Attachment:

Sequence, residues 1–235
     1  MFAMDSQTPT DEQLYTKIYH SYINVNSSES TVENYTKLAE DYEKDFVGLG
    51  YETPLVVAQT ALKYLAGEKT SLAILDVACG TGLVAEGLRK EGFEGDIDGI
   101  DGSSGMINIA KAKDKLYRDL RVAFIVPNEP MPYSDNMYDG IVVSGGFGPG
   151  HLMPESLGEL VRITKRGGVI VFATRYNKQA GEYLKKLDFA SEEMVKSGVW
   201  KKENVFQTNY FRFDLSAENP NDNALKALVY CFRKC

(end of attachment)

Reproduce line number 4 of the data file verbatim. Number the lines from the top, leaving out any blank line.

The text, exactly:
   101  DGSSGMINIA KAKDKLYRDL RVAFIVPNEP MPYSDNMYDG IVVSGGFGPG